F is for Fake is not a film for beginners. It’s an Orson Welles’ masterpiece, for sure, but of a very different flavor than his classic magnum opus, Citizen Kane. The film is described as a both a “documentary” and a “film essay,” but neither of these categories can hold it. It’s a compelling and complicated tale of trickery, a historical document, a fascinating study in self-reflexive film making and editing, and a stand-alone work of art.
It opens in a train station. Welles’ performs magic tricks. He invites the audience into a film “about lies” before he throws us into a sequence starring Oja Kodar, his super-hot, real-life female companion, as she struts through the streets meeting male onlookers. This strange, quick-paced opener sets us up for an even more bizarre plunge into the heart of the story which involves infamous art forger Elmyr de Hory, and biographer Clifford Irving, who became known as great con artist in his own right when he faked a biography of legendary billionaire Howard Hughes.
This flamboyant and international cast of characters: Welles, de Hory, Irving, Hughes, Oja Kodar (and even Picasso!) become further entangled in the narrative as it continues and the locations change; the film follows plot lines taking us through Ibiza, Paris, Las Vegas, and Houdan among others.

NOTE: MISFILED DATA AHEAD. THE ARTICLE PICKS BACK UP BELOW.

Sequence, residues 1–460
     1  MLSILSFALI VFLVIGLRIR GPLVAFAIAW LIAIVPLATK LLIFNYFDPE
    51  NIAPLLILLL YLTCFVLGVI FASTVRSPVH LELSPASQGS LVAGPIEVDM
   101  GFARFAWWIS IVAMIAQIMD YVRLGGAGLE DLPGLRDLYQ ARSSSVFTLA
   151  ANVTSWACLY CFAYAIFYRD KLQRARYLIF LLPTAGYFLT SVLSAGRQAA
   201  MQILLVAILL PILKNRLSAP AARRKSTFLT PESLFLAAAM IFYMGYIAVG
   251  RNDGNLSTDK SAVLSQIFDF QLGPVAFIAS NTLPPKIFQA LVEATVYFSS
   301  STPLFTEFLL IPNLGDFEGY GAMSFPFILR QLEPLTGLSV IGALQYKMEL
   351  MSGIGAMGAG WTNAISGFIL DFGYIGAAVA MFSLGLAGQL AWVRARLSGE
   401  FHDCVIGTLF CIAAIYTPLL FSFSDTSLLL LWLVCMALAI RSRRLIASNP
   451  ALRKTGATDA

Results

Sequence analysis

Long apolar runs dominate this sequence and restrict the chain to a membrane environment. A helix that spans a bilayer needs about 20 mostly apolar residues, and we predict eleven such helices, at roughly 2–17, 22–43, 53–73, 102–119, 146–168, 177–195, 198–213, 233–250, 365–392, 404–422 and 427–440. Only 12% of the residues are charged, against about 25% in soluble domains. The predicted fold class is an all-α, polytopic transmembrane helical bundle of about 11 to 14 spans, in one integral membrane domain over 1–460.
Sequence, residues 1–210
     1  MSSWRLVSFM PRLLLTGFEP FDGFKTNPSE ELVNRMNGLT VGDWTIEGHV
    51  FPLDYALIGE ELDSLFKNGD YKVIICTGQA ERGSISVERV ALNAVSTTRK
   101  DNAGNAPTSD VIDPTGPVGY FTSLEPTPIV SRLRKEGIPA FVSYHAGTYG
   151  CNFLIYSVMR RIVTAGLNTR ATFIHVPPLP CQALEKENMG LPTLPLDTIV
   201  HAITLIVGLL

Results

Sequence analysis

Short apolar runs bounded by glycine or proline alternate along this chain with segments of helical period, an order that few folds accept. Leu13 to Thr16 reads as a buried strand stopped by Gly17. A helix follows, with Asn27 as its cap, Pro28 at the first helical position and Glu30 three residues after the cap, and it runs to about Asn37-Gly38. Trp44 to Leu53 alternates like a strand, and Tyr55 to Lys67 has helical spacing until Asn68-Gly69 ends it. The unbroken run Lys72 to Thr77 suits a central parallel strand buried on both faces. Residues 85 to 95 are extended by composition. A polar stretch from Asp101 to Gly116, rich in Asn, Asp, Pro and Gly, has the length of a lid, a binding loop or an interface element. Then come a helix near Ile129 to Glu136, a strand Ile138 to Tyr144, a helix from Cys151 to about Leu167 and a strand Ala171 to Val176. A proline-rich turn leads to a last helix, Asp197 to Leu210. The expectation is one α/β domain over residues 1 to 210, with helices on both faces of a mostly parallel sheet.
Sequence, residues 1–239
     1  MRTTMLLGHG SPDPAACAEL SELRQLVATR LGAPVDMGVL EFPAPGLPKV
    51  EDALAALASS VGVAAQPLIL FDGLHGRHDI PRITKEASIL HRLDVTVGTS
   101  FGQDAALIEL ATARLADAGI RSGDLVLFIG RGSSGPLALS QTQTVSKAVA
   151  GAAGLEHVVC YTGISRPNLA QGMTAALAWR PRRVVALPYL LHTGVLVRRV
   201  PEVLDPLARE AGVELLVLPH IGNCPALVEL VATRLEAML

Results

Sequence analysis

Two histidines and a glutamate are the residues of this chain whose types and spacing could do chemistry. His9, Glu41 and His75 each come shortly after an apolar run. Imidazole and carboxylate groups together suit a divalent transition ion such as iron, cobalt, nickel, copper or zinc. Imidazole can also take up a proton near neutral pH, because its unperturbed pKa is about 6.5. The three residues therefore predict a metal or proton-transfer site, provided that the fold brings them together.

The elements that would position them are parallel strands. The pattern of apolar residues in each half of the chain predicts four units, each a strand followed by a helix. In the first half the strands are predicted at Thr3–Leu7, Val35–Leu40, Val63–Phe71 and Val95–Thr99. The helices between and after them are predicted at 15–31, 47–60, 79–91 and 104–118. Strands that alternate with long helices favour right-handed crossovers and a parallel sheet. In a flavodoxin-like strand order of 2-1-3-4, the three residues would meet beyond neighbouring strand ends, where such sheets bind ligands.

The film is also exquisitely self-referential, it draws us, again and again, into the editing room. We see the camera man and cinematographer, François Reichenbach, on screen and behind the camera. We hear about the making of the film, in the film, and we are given notice of where and why certain footage was taken.
F is for Fake is like an unsolvable puzzle. We are presented with subjects and works that could (and do) have volumes of historical research dedicated to them, and although the film delves into the lives of its on-screen personalities, it is not really about any of them. It’s a fascinating look into the mind of Orson Welles and the portraits he creates of himself and others, but it remains a film about lies, deception, and “truth” in art and cinema.
Those who will be especially interested in this film are Orson Welles fans, those interested in the discourse surrounding “the fake”, and those interested in the film as a historical document of its subjects and cast.Powered by Sidelines